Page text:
Re: advice for mother of a very keen beginner

It might be too soon for her to play an Irish flute, as the span of your fingers has to be quite wide. So David’s advice above is good, there are flutes that are made for smaller fingers.
Best of luck. How exciting to have a wee one that loves music!

Re: advice for mother of a very keen beginner

When I started learning the Fiddle, my mother said it sounded as
if, I was killing a Cat : (

So I suppose it’s Normal : )
jim,,,

Re: advice for mother of a very keen beginner

I haven’t read many good words on the Pakistani instruments, and you will observe that nobody else has said ANYTHING about them. There are obviously several advantages to working with more local makers.
As to care; I believe that Matt Molloy said that "If you don’t want to keep your wooden flute long, don’t bother to swab it out.". So, obviously, a synthetic one might be a good starter.

Re: advice for mother of a very keen beginner

Wooden flutes are said to sound better than delrin/pvc/other polymer flutes, but they require more care in the areas of temperature, humidity, and oiling. They do get better with age, as the oils, etc. season and harden the wood further. However, my delrin flute, to be honest, doesn’t sound all that different in tone quality from the very few higher-end wooden flutes I’ve played. The difference is there, but it isn’t much. That’s just my experience though.

I don’t know how good your daughter is with taking care of things, but since I’ve had my flute, I have dropped it, tossed it, left it in a hot car, etc. and it’s made it through it all with only a few dents. No warping or any sort of distortions as far as I can tell. It still plays just as amazingly as when I got it. So if you’re worried about it breaking, definitely go for a polymer flute (delrin, pvc, etc)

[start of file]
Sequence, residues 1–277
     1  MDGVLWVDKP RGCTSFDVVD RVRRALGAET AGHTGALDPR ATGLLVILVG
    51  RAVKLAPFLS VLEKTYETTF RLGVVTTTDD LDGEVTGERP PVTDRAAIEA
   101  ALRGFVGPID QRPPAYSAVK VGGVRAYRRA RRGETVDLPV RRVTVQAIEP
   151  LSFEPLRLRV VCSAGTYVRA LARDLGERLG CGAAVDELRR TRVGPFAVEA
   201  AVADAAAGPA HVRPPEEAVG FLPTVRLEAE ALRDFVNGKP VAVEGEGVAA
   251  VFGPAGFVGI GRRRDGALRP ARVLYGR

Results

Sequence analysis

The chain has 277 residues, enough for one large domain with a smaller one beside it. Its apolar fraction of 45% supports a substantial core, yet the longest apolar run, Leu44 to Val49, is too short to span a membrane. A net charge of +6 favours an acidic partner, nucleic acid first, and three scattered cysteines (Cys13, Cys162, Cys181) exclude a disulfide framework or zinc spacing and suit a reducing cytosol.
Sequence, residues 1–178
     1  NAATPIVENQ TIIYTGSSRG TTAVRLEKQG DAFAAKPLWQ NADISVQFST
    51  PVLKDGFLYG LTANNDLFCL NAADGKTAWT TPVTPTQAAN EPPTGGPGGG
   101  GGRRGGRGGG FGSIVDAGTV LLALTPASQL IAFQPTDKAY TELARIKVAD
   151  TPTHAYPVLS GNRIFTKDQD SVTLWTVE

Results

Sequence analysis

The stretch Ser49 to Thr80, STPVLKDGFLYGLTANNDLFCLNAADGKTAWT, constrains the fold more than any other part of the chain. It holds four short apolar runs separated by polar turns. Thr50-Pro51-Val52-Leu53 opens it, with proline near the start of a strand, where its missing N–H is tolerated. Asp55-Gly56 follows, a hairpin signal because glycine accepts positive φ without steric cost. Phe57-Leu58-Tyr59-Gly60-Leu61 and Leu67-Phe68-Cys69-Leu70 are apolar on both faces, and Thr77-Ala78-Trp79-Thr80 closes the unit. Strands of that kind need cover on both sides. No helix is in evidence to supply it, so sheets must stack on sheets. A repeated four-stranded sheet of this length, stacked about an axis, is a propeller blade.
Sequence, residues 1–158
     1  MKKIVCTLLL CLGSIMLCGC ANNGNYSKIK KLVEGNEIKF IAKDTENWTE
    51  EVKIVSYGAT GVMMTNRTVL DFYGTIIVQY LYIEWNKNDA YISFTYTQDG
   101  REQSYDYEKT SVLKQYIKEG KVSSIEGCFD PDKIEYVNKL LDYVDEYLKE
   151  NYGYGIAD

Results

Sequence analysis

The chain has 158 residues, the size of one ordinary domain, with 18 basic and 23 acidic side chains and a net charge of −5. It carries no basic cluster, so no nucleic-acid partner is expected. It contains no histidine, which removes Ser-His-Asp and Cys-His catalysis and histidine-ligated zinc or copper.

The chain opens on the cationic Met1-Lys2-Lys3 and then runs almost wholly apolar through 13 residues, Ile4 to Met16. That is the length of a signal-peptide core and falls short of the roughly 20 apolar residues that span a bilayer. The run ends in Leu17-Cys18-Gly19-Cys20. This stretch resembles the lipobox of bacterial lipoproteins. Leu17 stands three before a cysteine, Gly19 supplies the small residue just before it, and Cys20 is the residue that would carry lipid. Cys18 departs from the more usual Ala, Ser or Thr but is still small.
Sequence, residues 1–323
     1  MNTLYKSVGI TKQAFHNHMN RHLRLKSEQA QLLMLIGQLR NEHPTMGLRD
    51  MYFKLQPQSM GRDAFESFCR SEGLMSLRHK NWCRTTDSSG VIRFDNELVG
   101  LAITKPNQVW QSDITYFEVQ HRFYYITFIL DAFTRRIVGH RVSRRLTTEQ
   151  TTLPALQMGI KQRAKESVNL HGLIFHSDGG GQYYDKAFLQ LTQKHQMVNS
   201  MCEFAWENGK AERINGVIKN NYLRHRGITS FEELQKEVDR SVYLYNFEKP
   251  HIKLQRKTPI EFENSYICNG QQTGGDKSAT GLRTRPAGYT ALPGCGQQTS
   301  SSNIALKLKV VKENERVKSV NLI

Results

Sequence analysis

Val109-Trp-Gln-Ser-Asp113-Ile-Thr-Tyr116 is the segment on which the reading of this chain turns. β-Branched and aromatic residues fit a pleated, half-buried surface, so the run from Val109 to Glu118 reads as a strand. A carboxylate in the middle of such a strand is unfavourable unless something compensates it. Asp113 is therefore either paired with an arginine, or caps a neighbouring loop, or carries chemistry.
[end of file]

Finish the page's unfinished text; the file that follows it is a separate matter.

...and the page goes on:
All this to say, a polymer flute vs a wooden flute isn’t really an issue at this level, as long as it’s well made. My flute was made by Dave Copley. Some other good affordable polymer flute makers that have been recommended in the past are Seery, Forbes, Somers, WD Sweet.

Also, 6 vs 8 holes doesn’t matter. An 8 hole flute as 2 extra holes down at the bottom which can be used to put keys on (for a low C# and C), or just to make it more bottom-heavy. This is important if you have a metal tuning slide, as it balances it out more. If there isn’t a tuning slide, it’s unnecessary. It does look nice though…

Re: advice for mother of a very keen beginner

I’m also recommending delrin, owning two of them (a keyless Forbes and a keyed Seery). They sound great and are very easy to look after. A keyless model isn’t too expensive, and, if still in good condition down the track, should be very easy to resell when looking to upgrade.

Re: advice for mother of a very keen beginner

Thank you everyone. Much appreciated. I have decided on a shannon. Waiting on walt sweet getting back to me. Thanks again.